Why I Learnt Swimming In My Late Thirties
My son was terrified of water. His dislike was a reflection of my own phobia, writes the author
A few months ago, my 9-year-old son won his first silver at a swim meet. Watching him that day, as he calmly dived into the pool and took off with graceful strokes, it would seem that he could swim before he could walk. His dad is a former swimming champion who still swims competitively—and for fun. So surely, it must be in his genes. Wrong! Until a few years ago, he was terrified of water. It wasn’t even his fault. His dislike was in fact a reflection of my own phobia.
When I was a child, my father took me and my younger brother to the pool one summer and taught us the basics of swimming—how to stay afloat, a little kicking and some forward crawl. All that went well and soon it was time for ‘proper lessons’. A coach was hired and he agreed to do a trial round. He took us to the deep end to ‘see what we knew’ and asked us to swim across the breadth of the pool and just left us there. While my brother was quite cool about the whole thing and made it across unscathed, I, on the other hand, took an instant distaste to the task. It was my first time in such deep waters, and the bottom of the pool seemed so intimidatingly far away that I panicked. I was convinced I would drown, until miraculously, I put my hand out and touched the wall, just as I felt my lungs were about to burst from the lack of air. At that very moment, I decided that swimming wasn’t for me. I preferred having my feet firmly on the ground.
Fast forward to my thirties. I am a mother to two young boys and we are in a country where beaches and water bodies are in abundance.
My younger son had not yet started school but my older one had and swimming was compulsory in his school curriculum. I had not realized that despite being married to an ace swimmer, I had managed to pass on my anxiety to my older son. Every Wednesday—the day for the weekly swimming lesson—was a nightmare. From the previous evening, he would be anxious and teary-eyed about going to school.
I was constantly worried about keeping my children safe around water and was starting to realize that the best way to do that was to get them to learn to swim. Family trips to the pool to allay my older boy’s fears didn’t help. He chose to stay close to me and I chose to stand at the shallow end.
It was evident that my son needed professional swimming lessons to build his confidence. I felt I too needed to face my own fears and anxieties and ensure that my insecurities don’t hold back my son in any way.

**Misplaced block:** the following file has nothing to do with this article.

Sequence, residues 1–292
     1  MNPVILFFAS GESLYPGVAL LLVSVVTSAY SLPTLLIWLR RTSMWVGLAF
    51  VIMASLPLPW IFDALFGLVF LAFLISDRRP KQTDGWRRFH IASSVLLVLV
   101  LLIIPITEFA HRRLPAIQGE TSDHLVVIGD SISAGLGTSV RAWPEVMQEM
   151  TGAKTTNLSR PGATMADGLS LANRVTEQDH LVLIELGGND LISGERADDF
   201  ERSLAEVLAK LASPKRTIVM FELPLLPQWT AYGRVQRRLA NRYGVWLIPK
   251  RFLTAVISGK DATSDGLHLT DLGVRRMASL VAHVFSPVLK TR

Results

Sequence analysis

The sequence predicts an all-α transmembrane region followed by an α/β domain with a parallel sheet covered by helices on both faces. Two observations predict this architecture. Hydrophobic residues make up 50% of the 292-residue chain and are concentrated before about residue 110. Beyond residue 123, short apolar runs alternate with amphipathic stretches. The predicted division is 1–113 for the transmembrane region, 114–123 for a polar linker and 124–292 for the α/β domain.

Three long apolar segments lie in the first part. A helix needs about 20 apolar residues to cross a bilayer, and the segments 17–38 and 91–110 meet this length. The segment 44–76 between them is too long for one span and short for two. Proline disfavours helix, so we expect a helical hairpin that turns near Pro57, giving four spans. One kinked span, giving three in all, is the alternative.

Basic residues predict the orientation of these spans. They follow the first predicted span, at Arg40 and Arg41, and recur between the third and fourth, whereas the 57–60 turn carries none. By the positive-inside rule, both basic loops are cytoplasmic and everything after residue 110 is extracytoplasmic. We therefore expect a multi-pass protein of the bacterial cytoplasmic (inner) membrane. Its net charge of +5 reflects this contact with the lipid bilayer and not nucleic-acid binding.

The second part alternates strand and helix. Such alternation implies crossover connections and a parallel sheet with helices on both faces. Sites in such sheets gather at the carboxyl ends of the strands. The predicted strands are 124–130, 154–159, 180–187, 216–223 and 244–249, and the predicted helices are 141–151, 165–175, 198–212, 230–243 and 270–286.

Fear of the deep end is one of the biggest fears a beginner swimmer often has to overcome. (Photo used for representative purposes only. Courtesy WallpaperFlare)
My lesson slot was scheduled before his, so he came to watch me during my first few lessons. I would like to believe that this eventually made him more receptive to taking lessons. This time round, the swimming coaches we found were not only proficient, but they were also extremely patient and knew when to hold back and when to push. Despite this, my son chose to sit outside the pool for his first two lessons. The swimming instructor reassured me that he would be fine and just needed time.
Meanwhile, he continued coming to my classes which were progressing nicely until we got to the point where my instructor felt I could now venture into the deep end, with him beside me, of course. I stayed close to the edge of the pool but my instructor then asked me to jump into the water. It may seem silly to most, but this was easily one of the most terrifying things I had ever faced. As I stood at the edge, the terrifying memory of my first encounter with the deep end surfaced and every fibre of my being screamed at me to abandon the entire venture.
But then I looked up and saw my older son watching me intently. As I caught his eye, he smiled, and I realized that I had to do it. If I didn’t, he would do the exact same thing. So, I took a deep breath, said a prayer, and stepped off the edge of the pool. I didn’t drown! I had not panicked. No one was more proud of my jump than my son and that made it completely worth it. Soon after my jump, my son stopped sitting outside the pool for his classes and got into the water.
Things were clearer after that. There was no question of ‘to jump or not to jump’. It took me close to two years to get over my fear. Now I can safely say that I am more often than not comfortable in water. The anxiety and fear have given way to a sense of empowerment and achievement. If I do have a day when I am feeling a little nervous, my son is always there to boost my confidence.